When we learn about Africa, we learn about a caricaturized Egypt, about the HIV epidemic (but never its causes), about the surface level effects of the slave trade, and maybe about South African Apartheid (which of course now is long, long over). We also see lots of pictures of starving children on Christian Ministry commercials, we see safaris on animal shows, and we see pictures of deserts in films and movies. But we don’t learn about the Great African War or Leopold’s Reign of Terror during the Congolese Genocide. Nor do we learn about what the United States has done in Iraq and Afghanistan, potentially killing in upwards of 5-7 million people from bombs, sanctions, disease and starvation. Body counts are important. And we don’t count Afghans, Iraqis, or Congolese.
There’s a Wikipedia page called “Genocides in History”. The Congolese Genocide isn’t included. The Congo is mentioned though. What’s now called the Democratic Republic of the Congo is listed in reference to the Second Congo War (also called Africa’s World War and the Great War of Africa), where both sides of the multinational conflict hunted down Bambenga and ate them. Cannibalism and slavery are horrendous evils which must be entered into history and talked about for sure, but I couldn’t help thinking who’s interests were served when the only mention of the Congo on the page was in reference to multi-national incidents where a tiny minority of people were eating each other (completely devoid of the conditions which created the conflict no less). Stories which support the white supremacist narrative about the subhumanness of people in Africa are allowed to be entered into the records of history. The white guy who turned the Congo into his own personal part-plantation, part-concentration camp, part-Christian ministry and killed 10 to 15 million Conglese people in the process doesn’t make the cut.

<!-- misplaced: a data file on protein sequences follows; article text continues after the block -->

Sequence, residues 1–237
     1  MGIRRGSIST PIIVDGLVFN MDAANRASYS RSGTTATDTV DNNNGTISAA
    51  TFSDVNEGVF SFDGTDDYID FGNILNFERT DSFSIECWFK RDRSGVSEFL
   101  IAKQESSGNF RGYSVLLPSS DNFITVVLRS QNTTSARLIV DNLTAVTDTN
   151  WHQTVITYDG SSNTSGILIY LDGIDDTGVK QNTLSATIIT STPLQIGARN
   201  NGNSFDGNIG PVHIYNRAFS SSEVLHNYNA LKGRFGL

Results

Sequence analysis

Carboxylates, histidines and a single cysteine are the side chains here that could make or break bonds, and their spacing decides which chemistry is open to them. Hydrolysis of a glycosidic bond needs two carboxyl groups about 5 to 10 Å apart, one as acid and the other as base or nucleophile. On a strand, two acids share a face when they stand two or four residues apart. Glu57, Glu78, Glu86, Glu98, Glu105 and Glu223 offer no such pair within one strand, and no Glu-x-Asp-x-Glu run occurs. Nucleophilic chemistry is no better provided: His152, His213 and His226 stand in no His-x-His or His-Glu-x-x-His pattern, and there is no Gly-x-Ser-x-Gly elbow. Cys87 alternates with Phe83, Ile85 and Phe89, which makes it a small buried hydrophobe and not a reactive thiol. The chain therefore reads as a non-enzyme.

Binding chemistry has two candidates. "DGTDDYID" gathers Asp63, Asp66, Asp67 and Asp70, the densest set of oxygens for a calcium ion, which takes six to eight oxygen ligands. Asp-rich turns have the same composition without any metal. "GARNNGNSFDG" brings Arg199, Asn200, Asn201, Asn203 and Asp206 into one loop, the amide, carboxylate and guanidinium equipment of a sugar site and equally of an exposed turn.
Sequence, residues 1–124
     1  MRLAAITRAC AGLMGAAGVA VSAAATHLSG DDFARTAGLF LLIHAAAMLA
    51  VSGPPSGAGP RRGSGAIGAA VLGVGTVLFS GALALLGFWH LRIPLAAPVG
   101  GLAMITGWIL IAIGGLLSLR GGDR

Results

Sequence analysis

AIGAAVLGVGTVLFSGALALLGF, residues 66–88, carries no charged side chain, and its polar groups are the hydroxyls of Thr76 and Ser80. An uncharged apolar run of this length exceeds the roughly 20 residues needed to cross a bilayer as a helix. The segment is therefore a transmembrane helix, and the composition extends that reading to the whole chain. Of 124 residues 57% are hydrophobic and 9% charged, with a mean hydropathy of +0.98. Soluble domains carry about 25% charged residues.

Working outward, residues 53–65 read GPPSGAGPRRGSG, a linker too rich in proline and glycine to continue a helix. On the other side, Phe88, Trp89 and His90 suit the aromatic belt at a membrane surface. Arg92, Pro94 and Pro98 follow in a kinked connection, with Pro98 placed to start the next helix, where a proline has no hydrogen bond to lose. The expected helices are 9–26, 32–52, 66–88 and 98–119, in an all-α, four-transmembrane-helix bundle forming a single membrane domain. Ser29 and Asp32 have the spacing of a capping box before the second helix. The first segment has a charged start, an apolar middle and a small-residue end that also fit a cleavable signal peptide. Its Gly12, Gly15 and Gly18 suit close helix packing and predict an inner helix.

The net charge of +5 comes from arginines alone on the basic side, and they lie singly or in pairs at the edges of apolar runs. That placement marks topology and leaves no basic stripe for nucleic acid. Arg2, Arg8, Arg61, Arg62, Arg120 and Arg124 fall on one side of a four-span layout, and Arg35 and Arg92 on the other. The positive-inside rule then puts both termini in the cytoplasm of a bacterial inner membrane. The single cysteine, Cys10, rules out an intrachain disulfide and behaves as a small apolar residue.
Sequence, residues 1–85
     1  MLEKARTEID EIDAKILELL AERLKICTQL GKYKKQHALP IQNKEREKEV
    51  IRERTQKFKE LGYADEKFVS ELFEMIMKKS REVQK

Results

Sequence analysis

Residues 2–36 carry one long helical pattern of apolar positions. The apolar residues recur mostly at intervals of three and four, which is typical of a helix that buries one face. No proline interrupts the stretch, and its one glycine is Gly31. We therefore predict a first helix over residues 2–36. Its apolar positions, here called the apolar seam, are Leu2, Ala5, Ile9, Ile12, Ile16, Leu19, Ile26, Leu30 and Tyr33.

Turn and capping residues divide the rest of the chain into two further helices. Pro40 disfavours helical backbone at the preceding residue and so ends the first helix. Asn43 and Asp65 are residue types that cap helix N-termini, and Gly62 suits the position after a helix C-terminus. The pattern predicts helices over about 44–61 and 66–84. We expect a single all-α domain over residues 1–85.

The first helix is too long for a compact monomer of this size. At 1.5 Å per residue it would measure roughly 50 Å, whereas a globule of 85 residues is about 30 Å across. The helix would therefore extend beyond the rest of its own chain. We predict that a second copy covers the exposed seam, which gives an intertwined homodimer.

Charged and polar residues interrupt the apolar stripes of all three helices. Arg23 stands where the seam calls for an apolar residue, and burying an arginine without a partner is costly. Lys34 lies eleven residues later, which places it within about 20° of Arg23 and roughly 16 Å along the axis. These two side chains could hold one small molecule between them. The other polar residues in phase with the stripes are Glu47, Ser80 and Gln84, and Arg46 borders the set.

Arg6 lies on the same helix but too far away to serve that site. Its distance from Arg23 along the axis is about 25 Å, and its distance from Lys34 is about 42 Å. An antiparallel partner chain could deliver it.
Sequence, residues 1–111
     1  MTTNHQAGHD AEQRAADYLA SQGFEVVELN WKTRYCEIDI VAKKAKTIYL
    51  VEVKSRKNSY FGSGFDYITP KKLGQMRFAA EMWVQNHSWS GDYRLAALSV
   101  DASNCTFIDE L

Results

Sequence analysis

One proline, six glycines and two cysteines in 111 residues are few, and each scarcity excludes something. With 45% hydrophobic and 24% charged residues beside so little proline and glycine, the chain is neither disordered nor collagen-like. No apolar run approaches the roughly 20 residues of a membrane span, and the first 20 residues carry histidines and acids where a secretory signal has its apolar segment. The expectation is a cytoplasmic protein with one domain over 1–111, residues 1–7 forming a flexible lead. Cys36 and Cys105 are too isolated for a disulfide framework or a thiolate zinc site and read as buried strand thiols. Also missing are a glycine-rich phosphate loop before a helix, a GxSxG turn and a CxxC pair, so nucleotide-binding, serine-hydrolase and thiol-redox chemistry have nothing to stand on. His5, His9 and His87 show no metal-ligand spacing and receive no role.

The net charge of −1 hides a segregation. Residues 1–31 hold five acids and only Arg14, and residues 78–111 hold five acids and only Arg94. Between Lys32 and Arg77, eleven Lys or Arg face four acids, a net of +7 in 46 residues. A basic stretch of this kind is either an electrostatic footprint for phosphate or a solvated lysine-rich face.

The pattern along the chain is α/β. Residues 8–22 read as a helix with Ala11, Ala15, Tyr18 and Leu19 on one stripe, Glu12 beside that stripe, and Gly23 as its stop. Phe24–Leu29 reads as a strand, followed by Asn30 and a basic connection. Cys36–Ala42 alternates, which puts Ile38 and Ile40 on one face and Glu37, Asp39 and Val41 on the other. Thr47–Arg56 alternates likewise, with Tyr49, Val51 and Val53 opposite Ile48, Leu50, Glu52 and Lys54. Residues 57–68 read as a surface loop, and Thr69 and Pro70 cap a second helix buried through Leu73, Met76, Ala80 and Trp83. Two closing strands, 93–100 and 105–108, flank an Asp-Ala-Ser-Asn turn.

You see, when you kill ten million Africans, you aren’t called ‘Hitler’. That is, your name doesn’t come to symbolize the living incarnation of evil. Your name and your picture doesn’t produce fear, hatred, and sorrow. Your victims aren’t talked about and your name isn’t remembered.
Leopold was just one part of thousands of things that helped construct white supremacy as both an ideological narrative and material reality. Of course I don’t want to pretend that in the Congo he was the source of all evil. He had generals, and foot soldiers, and managers who did his bidding and enforced his laws. It was a system. But this doesn’t negate the need to talk about the individuals who are symbolic of the system. But we don’t even get that. And since it isn’t talked about, what capitalism did to Africa, all the privileges that rich white people gained from the Congolese genocide are hidden. The victims of imperialism are made, like they usually are, invisible.
for further reading check out
Reblogging this mostly for the links, and also because I just heard Obama’s idiotic address and I am furious.
Mystery of the Black Mummy - Ancient Civilizations.
In 1958, an Italian archaeologist discovered the mummified remains of a two-and-a-half-year-old boy in a cave in southwestern Libya. But this was a mummy with a difference: it was far older than any comparable examples found in Egypt.
The culture that produced the mummy were cattle herders, and occupied much of North Africa, at a time when the Sahara was a savannah. Possible links with later Egyptian culture have also been found, including the representation in rock art of dog-headed human figures (resembling Anubis), and a type of pottery decoration later found in the southern Nile valley.
The mummy of a young boy, Uan Muhuggiag was destined for controversy. He was older than any comparable Egyptian mummy and his mere existence challenged the very idea that Egyptians were the first in the region to mummify their dead. Uan Muhuggiag was no one off. The sophistication of his mummification suggested he was the result of a long tradition of mummification.
The discovery raised some profound questions. Who were the ancient inhabitants of the Sahara Desert who put the mummy there? And what influence might those people have had on the glittering civilization that later emerged in the land of the pharaohs?
This fascinating film follows Italian professor Savino di Lernia and his colleagues on a trek through the Sahara in the search for answers — a journey that leads to some astounding conclusions.